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Misplaced in Translation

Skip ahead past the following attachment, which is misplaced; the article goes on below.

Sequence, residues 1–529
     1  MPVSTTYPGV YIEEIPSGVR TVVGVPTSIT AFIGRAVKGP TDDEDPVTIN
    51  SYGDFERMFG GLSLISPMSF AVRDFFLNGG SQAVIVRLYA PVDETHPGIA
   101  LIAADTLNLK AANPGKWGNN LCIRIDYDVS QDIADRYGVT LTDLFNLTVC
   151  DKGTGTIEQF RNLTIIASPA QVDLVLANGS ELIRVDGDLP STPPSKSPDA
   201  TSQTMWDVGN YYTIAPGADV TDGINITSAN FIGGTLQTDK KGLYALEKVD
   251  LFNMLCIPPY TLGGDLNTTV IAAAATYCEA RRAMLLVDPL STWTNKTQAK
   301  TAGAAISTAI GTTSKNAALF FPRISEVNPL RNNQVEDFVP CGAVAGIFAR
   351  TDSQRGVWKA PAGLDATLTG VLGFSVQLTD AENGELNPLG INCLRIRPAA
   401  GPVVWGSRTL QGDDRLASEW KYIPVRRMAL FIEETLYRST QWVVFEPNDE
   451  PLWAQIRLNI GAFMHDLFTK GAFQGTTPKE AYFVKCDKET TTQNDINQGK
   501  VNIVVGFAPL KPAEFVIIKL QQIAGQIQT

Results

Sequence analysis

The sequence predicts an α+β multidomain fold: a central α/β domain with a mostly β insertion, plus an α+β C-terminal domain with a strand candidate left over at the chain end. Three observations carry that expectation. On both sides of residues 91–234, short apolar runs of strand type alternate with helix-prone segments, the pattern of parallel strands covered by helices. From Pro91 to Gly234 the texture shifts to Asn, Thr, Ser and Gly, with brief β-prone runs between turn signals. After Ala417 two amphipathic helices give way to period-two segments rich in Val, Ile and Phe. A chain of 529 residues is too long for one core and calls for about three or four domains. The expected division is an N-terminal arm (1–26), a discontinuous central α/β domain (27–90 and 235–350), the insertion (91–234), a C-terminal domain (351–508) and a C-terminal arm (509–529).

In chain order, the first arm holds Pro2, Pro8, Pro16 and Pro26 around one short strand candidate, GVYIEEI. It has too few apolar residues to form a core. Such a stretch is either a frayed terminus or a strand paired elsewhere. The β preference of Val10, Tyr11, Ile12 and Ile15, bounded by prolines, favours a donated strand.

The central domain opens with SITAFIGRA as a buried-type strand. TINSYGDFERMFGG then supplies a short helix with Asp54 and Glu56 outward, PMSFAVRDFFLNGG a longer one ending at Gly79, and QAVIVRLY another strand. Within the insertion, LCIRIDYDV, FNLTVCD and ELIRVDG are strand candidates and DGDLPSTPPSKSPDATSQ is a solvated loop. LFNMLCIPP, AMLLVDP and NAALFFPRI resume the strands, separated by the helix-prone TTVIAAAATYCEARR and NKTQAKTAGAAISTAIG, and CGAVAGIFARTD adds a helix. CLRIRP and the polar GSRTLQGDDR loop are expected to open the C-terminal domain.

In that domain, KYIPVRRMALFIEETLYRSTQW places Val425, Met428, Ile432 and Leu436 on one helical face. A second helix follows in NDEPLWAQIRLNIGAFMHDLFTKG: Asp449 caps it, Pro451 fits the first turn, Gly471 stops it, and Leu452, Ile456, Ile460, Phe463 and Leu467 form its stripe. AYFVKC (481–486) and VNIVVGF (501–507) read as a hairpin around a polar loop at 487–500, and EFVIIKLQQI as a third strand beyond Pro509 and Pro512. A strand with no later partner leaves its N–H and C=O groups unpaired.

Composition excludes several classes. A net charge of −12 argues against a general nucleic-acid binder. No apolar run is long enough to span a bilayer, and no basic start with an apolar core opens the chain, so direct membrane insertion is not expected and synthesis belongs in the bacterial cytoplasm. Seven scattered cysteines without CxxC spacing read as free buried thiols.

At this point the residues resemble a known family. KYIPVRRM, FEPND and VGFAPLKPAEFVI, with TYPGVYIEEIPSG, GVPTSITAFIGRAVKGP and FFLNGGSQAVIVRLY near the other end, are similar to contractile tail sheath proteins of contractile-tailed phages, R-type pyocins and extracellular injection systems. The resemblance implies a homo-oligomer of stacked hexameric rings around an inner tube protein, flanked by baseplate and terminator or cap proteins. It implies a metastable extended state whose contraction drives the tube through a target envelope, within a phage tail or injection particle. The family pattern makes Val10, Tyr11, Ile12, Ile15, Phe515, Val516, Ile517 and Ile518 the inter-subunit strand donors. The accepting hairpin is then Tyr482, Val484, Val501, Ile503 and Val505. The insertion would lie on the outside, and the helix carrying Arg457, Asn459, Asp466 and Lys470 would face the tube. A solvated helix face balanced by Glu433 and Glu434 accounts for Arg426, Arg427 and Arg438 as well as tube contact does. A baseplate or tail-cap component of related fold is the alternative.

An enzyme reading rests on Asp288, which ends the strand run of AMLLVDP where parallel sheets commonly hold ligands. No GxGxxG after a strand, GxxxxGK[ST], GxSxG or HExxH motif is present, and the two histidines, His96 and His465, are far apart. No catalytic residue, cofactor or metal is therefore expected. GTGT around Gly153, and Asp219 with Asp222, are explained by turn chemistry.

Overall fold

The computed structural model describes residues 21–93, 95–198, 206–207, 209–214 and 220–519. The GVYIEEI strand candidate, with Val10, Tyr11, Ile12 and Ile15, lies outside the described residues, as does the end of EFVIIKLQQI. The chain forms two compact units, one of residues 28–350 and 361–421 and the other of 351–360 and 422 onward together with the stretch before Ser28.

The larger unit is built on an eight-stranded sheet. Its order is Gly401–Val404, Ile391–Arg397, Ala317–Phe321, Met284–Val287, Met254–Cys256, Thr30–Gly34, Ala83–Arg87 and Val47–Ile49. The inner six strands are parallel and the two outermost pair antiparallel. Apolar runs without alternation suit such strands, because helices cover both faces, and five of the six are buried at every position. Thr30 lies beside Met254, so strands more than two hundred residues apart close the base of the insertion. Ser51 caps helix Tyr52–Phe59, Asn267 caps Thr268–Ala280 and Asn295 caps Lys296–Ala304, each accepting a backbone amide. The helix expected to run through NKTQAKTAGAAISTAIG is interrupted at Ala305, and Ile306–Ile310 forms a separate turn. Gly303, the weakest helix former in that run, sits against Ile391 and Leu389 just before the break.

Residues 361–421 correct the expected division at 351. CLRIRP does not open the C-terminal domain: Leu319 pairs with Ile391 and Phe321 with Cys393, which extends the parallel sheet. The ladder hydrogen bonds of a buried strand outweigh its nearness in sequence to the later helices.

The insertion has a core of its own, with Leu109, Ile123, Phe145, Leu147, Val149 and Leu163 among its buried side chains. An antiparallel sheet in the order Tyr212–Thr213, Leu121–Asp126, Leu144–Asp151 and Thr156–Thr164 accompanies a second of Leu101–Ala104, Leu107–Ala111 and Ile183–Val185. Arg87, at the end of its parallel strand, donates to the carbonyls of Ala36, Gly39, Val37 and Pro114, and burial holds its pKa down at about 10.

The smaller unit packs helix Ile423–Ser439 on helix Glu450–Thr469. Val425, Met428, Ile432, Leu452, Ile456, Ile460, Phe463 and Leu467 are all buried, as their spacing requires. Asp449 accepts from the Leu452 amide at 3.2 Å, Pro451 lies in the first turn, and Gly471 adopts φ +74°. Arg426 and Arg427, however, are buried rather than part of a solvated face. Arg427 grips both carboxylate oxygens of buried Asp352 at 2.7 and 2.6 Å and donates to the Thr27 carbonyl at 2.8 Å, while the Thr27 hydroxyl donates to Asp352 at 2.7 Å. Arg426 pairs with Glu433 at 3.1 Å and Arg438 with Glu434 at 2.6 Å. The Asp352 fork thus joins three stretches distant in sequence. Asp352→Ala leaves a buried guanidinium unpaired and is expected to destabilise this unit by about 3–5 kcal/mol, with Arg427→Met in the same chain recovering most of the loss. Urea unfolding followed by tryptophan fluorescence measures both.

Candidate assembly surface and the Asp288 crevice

From Hebrew into Latin into Gothic stone: Moses sprouts horns in this entryway of Lausanne's Cathedral. Commanding a hill above Lake Geneva, this 12th-century jewel of Swiss architecture is not alone in depicting a doubly-protuberant prophet. Perhaps the most famous example is Michelangelo's sculpture in the Vatican. These curious statues stand as permanent reminders to language-learners everywhere: Be very careful when translating. The Hebrew original states that Moses' face "emitted rays (of light)" after coming down from Mt. Sinai; when translated into the Latin Vulgate in the 4th century, his face ended up "emitting horns." And so, through Medieval and Renaissance sculptors' hands, Moses gains a satyr's head. Oops.
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